Machines deliver a great deal of efficiency in a way manual operations cannot. They help boost your production and your bottom line. However, while they provide massive benefits, metalworking machines can also pose dangers to their operators when utmost care in handling them is overlooked.
Accidents happen. An employee can be struck by chips, sustain burns from hot metals, or have a limb crushed. On top of these hazards, machine guarding issues can also put workers’ health and safety on the line. When left unaddressed, these combined factors might lead to physical injuries in the workplace.
Widening your awareness of common machine guarding mistakes is the first step towards tackling safety issues in the workplace. Below are the assumptions, loopholes, and human errors that every industrial employee should avoid:
- Assuming that a new equipment is consistent with machine guarding safety guidelines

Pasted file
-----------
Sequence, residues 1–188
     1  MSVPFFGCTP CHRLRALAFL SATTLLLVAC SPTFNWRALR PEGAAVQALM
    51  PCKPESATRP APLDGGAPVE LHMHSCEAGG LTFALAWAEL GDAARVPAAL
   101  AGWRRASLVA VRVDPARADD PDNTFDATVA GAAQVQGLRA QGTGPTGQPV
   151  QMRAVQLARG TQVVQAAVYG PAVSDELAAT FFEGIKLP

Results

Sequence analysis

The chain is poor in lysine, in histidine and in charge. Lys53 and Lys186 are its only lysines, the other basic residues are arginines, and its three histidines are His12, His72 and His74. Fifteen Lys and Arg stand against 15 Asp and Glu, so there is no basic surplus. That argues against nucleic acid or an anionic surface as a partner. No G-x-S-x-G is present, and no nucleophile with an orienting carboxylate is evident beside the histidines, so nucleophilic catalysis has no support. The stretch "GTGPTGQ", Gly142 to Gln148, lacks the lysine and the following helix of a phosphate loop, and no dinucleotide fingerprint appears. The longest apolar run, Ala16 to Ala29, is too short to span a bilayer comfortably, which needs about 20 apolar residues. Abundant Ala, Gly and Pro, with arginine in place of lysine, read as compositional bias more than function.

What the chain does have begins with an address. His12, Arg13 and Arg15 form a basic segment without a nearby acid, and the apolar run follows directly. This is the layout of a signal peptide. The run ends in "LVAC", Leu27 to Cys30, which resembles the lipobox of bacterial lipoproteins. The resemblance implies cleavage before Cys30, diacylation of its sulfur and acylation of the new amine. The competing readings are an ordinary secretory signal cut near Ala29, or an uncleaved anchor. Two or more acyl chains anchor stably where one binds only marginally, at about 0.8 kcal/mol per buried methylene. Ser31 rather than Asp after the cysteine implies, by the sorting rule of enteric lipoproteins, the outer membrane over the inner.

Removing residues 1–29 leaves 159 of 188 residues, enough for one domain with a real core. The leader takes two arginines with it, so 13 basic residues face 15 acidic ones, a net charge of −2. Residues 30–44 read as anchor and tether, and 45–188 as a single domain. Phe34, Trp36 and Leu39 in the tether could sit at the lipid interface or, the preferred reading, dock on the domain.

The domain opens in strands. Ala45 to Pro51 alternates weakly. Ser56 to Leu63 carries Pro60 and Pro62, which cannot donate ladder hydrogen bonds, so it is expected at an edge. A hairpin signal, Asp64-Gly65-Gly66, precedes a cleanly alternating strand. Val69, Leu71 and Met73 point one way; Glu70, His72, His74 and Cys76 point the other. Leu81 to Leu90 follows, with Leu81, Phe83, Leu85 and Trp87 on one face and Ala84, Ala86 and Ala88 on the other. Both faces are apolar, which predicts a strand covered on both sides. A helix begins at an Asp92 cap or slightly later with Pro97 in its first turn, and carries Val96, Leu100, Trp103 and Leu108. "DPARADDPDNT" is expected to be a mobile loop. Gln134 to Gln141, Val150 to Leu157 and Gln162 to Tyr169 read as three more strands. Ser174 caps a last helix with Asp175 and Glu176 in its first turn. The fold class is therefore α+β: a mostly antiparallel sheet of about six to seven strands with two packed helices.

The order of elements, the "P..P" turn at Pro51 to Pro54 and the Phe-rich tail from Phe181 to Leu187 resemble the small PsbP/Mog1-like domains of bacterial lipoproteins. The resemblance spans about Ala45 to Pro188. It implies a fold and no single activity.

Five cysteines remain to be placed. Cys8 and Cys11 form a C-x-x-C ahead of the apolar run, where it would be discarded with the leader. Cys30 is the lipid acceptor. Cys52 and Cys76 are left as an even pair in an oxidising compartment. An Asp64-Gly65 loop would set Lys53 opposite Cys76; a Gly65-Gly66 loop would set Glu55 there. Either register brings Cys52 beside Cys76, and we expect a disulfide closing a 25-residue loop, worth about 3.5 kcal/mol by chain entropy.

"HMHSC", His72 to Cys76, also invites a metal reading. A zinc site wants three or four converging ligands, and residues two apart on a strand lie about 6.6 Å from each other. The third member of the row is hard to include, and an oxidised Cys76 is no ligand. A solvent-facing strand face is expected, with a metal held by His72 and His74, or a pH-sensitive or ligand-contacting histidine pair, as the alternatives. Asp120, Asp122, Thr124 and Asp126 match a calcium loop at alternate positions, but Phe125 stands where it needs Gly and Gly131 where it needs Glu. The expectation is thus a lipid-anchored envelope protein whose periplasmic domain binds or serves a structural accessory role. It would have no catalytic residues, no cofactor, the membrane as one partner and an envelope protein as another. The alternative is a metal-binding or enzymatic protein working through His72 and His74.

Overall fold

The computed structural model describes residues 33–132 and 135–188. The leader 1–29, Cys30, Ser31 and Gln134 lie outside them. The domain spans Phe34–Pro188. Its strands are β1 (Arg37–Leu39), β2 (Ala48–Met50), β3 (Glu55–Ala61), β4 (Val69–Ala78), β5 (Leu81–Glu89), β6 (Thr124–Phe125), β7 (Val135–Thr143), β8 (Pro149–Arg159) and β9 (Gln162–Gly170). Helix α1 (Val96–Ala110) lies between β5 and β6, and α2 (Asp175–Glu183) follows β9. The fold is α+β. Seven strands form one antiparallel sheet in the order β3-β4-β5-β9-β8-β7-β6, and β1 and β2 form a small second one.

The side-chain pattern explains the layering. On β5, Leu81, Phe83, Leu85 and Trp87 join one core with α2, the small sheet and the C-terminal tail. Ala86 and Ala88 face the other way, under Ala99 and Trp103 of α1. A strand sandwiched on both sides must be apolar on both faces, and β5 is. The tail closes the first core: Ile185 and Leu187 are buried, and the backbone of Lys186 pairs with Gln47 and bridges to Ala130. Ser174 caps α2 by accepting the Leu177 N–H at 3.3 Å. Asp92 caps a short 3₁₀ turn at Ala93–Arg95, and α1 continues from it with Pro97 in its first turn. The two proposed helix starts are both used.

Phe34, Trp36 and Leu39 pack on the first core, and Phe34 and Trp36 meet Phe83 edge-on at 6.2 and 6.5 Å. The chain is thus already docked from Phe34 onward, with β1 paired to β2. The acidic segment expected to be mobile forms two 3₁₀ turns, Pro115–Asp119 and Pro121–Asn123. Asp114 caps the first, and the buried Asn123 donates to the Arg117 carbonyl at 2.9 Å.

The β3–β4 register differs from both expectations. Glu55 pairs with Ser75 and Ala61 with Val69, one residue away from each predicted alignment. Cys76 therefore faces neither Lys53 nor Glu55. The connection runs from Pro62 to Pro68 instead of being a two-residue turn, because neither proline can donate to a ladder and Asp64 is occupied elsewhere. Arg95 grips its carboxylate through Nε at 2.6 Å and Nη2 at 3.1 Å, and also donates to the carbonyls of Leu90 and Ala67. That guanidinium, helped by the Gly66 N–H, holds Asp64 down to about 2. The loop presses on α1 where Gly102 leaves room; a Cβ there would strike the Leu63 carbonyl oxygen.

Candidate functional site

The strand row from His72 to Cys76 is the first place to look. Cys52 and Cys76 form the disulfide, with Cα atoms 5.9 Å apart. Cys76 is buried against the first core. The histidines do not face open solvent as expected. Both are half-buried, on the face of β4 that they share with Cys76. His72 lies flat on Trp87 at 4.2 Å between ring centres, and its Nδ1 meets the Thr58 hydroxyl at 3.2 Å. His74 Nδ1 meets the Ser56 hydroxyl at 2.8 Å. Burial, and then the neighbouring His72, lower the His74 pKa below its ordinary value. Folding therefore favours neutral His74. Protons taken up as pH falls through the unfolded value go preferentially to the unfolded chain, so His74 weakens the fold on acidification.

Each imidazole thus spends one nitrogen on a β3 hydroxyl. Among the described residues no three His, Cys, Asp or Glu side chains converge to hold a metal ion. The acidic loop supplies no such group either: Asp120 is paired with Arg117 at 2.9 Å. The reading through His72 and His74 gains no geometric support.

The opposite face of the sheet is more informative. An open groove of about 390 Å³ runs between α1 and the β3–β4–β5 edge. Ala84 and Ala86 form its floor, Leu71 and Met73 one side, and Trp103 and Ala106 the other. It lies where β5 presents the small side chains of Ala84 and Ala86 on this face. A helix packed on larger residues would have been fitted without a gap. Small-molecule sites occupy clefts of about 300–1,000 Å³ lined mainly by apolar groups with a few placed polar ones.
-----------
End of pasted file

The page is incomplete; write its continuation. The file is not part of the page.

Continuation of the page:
Some buyers assume that new machines are automatically built to meet current safety standards and regulations. This isn’t always the case. In reality, this depends on where it was manufactured as well as the safety standards followed by the machine’s electrical components, control systems, and safeguarding. That’s why it’s vital for buyers of new equipment to specify the safety standards the machine should meet.
Buyers should also examine new machines and ensure they meet Canadian Centre for Occupational Health & Safety (CCOHS) machine guarding guidelines. Remember that a shiny new machine doesn’t necessarily have all the parts needed to protect the workers from danger. Surveying old and new machines will help you determine if they have guarding violations and bring them into compliance.
- Using machine guarding parts built from inferior materials
Machine guarding parts like barrier guards should be made of materials that don’t break, bend, or distort easily. Choose products that can withstand environmental contaminants like coolants, oils, and solvents, as well as extreme temperature changes.
When it’s time to replace machine guarding, it’s best to use the original part used by your manufacturer or a material that has the same level of resistance as the original. The fasteners of your machine guards should be sturdy enough to last long enough for their intended use. Fasteners should also require special tools to remove to avoid unauthorized removal or adjustment.
- Not replacing machine guards accordingly following removal for maintenance